The Chevrolet Colorado ZH2, which was unveiled overnight at a meeting of the Association of the United States Army, is part engineering prototype, part aggressively styled concept car.
Developed in collaboration with the US Army’s Tank Automotive Research, Development and Engineering Center (TARDEC), the Colorado ZH2, is based on the North American Chevrolet Colorado ute.
The ZH2 has an electric drivetrain coupled to a hydrogen fuel-cell system, which combines stored hydrogen with oxygen drawn in from the atmosphere to produce electricity and water.
In addition to powering the car, the hydrogen fuel-cell stack also recharges a 25kW to 50kW Exportable Power Take-Off unit (EPTO) that can provide electricity to devices when soldiers are operating away from the vehicle.
Compared to a regular petrol and diesel powered Colorado ute, the ZH2 drives along almost silently and has a less prominent heat signature, which is beneficial when stealth important. Additionally, the water exhaust has “field uses”, although it’s not clear if it’s potable.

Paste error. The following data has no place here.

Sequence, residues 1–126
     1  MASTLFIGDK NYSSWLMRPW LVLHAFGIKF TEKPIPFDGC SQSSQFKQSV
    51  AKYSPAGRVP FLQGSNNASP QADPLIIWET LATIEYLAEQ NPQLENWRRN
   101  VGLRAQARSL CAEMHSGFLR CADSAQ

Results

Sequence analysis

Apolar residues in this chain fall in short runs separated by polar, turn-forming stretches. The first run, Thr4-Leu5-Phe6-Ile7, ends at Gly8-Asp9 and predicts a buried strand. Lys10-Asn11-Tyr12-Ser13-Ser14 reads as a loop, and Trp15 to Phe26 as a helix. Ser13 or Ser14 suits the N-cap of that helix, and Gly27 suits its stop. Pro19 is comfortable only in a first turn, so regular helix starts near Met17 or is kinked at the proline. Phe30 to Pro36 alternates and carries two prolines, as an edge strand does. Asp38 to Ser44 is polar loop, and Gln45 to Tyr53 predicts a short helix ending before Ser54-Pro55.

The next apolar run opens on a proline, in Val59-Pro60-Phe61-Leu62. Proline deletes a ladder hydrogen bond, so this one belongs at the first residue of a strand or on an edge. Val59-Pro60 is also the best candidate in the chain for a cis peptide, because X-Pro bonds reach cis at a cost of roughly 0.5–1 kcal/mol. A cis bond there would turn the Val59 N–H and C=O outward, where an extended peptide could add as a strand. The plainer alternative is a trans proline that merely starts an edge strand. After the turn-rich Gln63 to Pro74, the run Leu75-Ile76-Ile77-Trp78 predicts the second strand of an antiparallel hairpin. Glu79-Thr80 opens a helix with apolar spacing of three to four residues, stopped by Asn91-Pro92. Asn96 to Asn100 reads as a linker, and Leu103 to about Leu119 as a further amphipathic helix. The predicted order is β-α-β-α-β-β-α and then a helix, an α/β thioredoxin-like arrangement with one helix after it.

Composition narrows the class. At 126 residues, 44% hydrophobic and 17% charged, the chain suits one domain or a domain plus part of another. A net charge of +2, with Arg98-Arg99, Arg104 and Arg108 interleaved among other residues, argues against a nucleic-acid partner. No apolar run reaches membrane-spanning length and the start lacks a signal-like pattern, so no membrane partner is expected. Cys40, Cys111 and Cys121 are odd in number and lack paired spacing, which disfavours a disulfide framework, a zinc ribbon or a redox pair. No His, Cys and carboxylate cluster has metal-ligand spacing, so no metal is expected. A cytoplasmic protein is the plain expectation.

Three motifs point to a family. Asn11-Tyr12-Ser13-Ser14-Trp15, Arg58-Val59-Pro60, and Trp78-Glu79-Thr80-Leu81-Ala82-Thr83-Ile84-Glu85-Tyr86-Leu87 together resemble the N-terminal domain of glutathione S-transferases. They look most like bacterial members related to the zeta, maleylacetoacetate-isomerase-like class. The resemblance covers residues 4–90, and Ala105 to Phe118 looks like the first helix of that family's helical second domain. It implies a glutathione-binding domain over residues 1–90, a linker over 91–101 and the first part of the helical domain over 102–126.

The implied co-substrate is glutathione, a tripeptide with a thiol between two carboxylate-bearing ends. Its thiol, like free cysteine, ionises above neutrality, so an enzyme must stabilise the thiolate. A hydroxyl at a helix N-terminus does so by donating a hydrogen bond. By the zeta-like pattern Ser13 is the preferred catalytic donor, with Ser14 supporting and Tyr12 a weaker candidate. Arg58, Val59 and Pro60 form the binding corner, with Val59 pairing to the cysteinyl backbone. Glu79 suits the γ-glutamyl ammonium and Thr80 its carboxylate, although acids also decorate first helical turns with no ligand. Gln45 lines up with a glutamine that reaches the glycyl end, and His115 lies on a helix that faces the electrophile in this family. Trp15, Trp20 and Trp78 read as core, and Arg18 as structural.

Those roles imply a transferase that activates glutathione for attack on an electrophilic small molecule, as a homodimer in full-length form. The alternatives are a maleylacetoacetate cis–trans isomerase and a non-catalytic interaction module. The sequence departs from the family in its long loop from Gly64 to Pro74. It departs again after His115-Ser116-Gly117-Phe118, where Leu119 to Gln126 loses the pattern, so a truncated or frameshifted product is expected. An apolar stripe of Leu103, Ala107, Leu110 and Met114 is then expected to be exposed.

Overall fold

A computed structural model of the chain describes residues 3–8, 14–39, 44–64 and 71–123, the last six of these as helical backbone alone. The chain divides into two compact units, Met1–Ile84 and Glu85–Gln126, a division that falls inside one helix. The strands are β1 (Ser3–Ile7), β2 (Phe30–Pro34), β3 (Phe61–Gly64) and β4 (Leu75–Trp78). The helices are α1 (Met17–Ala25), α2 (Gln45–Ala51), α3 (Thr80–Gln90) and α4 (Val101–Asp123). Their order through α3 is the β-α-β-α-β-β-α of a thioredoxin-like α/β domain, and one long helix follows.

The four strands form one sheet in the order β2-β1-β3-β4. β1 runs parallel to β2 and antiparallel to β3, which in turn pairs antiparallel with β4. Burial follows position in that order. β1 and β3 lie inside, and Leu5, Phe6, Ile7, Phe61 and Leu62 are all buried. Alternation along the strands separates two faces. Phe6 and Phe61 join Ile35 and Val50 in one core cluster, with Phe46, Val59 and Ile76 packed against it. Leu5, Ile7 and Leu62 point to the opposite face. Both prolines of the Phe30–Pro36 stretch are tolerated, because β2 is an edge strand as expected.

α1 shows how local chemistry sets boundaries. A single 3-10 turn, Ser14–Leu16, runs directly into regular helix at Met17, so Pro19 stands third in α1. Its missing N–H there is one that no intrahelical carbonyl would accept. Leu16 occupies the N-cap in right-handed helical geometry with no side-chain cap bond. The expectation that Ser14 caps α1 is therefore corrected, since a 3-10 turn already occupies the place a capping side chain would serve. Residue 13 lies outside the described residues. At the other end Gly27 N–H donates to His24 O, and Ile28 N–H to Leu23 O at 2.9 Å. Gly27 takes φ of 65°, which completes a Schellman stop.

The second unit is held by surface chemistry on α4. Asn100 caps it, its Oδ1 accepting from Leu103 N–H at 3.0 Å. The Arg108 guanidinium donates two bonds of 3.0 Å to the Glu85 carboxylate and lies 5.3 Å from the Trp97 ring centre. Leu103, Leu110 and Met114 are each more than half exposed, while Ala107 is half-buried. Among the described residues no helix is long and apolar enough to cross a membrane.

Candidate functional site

GM has yet to release any numbers related to the Colorado ZH’s drivetrain, including its power and torque output, and the car’s performance and range numbers.
Visually, the ZH2 is set apart from production versions of the North American Chevrolet Colorado by a broader, taller and meaner stance that’s capped with fender extensions and a partially camouflaged body.
Up front, there’s bash plates, narrow LED lights and multiple power bumps on the bonnet. There’s also completely redesigned tray area, with a short open-air bed section and an enclosed boot portion protecting the EPTO unit.
The ZH2 stands around two metres tall and is over 2.1 metres wide, making it at least 120mm taller and 220mm wider than the commercially available ute.
This is largely thanks to the car’s improved off-road capability that comes from its the raised suspension setup and tall 37-inch tyres. Inside the cabin, the ZH2 features a revised instrument cluster and Recaro front bucket seats.
GM will complete calibration and setup of the ZH2 in early 2017 before handing it over to the US Army for evaluation.